The White House is hosting a H1N1 Summit today and sent out an email (text below) urging communities to begin public H1N1 preparedness/awareness campaigns. As far as I can tell, there’s no H1N1 preparedness happening in Northfield. There’s no information on the City of Northfield’s Emergency Information web page, nor on the Northfield Hospital’s Emergency Communication & Disaster Planning web page, nor on the Northfield School District’s site. (continued)
But two months have gone by and there’s no public evidence of it.
Ten years ago, I was part of Northfield’s Ad Hoc Y2K Task Force that was meeting weekly at the Goodbye Blue Monday Coffeehouse. We had a private email list for the group to use for planning, and for the public, NCO/Northfield.org hosted a Y2K website and a very active discussion topic in the NCO Web Cafe. I wrote a piece titled Y2K: The Northfield Way that was part of MPR’s online Y2K Coverage.
It’s time for Northfield’s institutional leaders to begin an H1N1 public awareness/preparedness campaign and to include the use of social media in its communications toolkit.
Here’s the White House email:
John O. Brennan, The White House <email@example.com>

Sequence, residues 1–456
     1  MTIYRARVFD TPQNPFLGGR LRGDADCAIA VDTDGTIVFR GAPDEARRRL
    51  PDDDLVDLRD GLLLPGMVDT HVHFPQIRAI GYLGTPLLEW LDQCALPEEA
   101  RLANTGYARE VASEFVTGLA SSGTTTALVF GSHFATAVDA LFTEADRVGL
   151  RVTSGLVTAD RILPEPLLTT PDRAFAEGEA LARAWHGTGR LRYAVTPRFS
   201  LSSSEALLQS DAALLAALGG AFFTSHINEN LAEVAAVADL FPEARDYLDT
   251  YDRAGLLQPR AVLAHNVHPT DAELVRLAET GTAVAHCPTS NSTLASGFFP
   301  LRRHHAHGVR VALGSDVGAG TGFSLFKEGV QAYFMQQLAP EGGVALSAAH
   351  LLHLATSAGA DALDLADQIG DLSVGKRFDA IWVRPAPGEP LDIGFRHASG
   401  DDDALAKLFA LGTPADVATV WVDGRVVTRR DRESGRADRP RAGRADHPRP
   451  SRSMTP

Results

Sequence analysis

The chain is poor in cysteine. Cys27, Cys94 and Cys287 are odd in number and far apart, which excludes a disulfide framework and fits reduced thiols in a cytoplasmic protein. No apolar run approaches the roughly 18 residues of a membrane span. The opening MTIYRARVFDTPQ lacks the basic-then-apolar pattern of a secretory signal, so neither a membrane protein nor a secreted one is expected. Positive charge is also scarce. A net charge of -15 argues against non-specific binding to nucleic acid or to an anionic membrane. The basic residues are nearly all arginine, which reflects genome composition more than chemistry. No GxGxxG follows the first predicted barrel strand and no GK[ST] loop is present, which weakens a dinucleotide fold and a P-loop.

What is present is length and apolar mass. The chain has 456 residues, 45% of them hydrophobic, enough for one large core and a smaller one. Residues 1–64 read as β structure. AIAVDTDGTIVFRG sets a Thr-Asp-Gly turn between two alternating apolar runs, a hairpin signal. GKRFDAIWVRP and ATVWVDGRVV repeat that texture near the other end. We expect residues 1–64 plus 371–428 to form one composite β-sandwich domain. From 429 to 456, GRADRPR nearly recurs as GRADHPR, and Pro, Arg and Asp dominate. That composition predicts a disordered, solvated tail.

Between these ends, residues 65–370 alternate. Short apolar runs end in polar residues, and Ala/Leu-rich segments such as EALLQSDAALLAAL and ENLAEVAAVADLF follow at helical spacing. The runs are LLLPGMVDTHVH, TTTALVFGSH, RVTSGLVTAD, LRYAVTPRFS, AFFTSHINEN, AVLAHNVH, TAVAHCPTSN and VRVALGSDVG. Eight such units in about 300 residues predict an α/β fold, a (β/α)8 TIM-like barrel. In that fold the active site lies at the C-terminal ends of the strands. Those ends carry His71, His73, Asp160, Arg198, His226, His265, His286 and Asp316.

Date: Thu, Jul 9, 2009 at 10:55 AM
Subject: Preparing for H1N1 and the upcoming flu season
As the President’s advisor on Homeland Security, I am passing along the following message from Kathleen Sebelius, Secretary of Health and Human Services, Janet Napolitano, Secretary of Homeland Security, and Arne Duncan, Secretary of Education, who are leading the efforts to prepare our Nation for the coming flu season.
This spring we were confronted with an outbreak of a troubling flu virus called 2009-H1N1. As the fall flu season approaches, it is critical that we reinvigorate our preparedness efforts across the country in order to mitigate the effects of this virus on our communities.
Today, we are holding an H1N1 Influenza Preparedness Summit in conjunction with the White House to discuss our Nation’s preparedness. We are working together to monitor the spread of 2009-H1N1 and to prepare to initiate a voluntary fall vaccination program against the 2009-H1N1 flu virus, assuming we have a safe vaccine and do not see changes in the virus that would render the vaccine ineffective.
But the most critical steps to mitigating the effects of 2009-H1N1 won’t take place in Washington — they will take place in your homes, schools and community businesses.
Taking precautions for this fall’s flu season is a responsibility we all share. Visit Flu.gov to make sure you are ready and learn how you can help promote public awareness.
We are making every effort to have a safe and effective vaccine available for distribution as soon as possible, but our current estimate is that it won’t be ready before mid-October. This makes individual prevention even more critical. Wash your hands regularly. Take the necessary precautions to stay healthy and if you do get sick, stay home from work or school.
We are doing everything possible to prepare for the fall flu season and encourage all Americans to do the same — this is a shared responsibility and now is the time to prepare.
Kathleen, Janet and Arne